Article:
Maggio Giugno 2022 - Articoli originali

Could incremental haemodialysis be a new standard of care? A suggestion from a long-term observational study

Abstract

Introduction: The term incremental haemodialysis (HD) means that both dialysis dose and frequency can be low at dialysis inception but should be progressively increased, to compensate for any subsequent reduction in residual kidney function. Policy of the Matera Dialysis Center is to attempt an incremental start of HD without a strict low-protein diet in all patients choosing HD and with urine output (UO) >500 ml/day. The present study aimed at analyzing the results of this policy over the last 20 years.
Subjects and methods: The dataset of all patients starting HD between January 1st, 2000 and December 31st, 2019 was retrieved from the local electronic database. Exclusion criteria were: urine output <500 ml/day or follow-up <3 months after the start of the dialysis treatment. Results: A total of 266 patients were retrieved; 64 of them were excluded from the study. The remaining 202 patients were enrolled into the study and subdivided into 3 groups (G1, G2 and G3) according to the frequency of treatment at the start of dialysis: 117 patients (57.9%) started with once-a-week (1HD/wk) (G1); 46 (22.8%) with twice-a-week (2HD/wk) (G2); 39 (19.3%) with thrice-a-week (3HD/wk) dialysis regimen (G3). Patients of G1 remained on 1HD/wk for 11.9 ±14.8 months and then transferred to 2HD/wk for further 13.0 ±20.3 months. Patients of G2 remained on 2HD/wk for 16.7 ±23.2 months. Altogether, 25943 sessions were administered during the less frequent treatment periods instead of 47988, that would have been delivered if the patients had been on 3HD/wk, thus saving 22045 sessions (45.9%). Gross mortality of the entire group was 12.6%, comparable to the mean mortality of the Italian dialysis population (16.2%). Survival at 1 and 5 years was not significantly different among the 3 groups: 94% and 61% (G1); 83% and 39% (G2); 84% and 46% (G3). Conclusions: Our long-term observational study suggests that incremental HD is a valuable option for incident patients. For most of them (80.7%) it is viable for about 1-2 years, with obvious socio-economic benefits and survival rates comparable to that of the Italian dialysis population. However, randomized controlled trials are lacking and therefore urgently needed. If they will confirm observational data, incremental HD will be a new standard of care.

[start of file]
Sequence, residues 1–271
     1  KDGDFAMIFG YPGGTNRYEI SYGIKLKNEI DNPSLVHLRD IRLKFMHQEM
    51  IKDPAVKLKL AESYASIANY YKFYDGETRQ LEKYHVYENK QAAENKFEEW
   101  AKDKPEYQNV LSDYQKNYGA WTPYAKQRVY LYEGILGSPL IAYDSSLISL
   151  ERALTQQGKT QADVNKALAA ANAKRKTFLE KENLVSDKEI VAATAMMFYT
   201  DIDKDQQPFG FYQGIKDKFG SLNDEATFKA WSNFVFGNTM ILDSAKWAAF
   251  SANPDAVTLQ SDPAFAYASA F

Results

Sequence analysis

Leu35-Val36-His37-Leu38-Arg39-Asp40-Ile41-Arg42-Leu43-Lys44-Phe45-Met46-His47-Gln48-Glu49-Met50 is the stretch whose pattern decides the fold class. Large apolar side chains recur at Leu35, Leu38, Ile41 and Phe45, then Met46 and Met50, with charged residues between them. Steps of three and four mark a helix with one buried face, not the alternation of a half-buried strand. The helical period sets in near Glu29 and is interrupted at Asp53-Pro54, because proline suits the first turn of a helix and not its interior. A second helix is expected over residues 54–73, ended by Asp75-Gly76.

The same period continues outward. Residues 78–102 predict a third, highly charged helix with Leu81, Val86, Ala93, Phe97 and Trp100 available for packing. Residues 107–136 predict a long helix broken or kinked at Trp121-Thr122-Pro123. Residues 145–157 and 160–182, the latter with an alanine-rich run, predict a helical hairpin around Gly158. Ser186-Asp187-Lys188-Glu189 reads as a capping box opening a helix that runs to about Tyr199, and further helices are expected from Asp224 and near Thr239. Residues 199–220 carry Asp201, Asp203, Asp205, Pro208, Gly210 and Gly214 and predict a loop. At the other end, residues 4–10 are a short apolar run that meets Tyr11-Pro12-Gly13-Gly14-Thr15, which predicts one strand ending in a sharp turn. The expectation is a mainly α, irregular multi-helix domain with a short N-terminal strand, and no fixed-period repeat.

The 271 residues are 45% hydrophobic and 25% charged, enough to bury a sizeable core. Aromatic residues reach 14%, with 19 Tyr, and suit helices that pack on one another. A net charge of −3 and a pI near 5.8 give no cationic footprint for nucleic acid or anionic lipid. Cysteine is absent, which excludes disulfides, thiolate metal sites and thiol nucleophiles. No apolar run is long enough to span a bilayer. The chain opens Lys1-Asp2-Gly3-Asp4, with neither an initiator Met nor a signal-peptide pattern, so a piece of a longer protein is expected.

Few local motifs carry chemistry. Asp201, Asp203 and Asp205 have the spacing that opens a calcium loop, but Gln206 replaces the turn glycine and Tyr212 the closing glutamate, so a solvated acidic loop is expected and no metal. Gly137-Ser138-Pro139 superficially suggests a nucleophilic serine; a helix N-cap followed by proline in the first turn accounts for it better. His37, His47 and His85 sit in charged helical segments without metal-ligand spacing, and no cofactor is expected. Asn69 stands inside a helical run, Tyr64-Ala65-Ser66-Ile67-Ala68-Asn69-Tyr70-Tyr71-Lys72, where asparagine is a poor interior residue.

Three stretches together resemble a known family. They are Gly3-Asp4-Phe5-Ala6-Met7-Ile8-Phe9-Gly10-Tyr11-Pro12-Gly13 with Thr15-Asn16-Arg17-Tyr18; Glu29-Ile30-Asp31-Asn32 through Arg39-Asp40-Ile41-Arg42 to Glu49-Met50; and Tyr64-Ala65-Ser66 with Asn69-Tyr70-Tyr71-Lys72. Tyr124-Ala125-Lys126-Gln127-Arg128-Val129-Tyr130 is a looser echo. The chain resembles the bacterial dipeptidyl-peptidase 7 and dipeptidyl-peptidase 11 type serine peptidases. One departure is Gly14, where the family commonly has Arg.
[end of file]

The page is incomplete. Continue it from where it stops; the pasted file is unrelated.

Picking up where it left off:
Keywords: haemodialysis, incremental haemodialysis, kidney urea clearance, urea kinetic modeling, urine output

Introduction

There is growing interest in an incremental approach to haemodialysis (HD) for incident end-stage kidney disease (ESKD) patients, starting with one (1HD/wk) or two sessions per week (2HD/wk) [14]. Such an approach not only seems to preserve residual kidney function (RKF) and improve health-related quality of life with similar or higher survival rates than those observed in patients receiving the standard thrice weekly HD (3HD/wk) regimen, but also allows saving economic resources [57]. The term “incremental HD” means that, in the presence of substantial RKF, both dialysis dose and frequency can be low at dialysis inception but should be progressively increased, to compensate for any subsequent reduction in RKF [8, 9].

 

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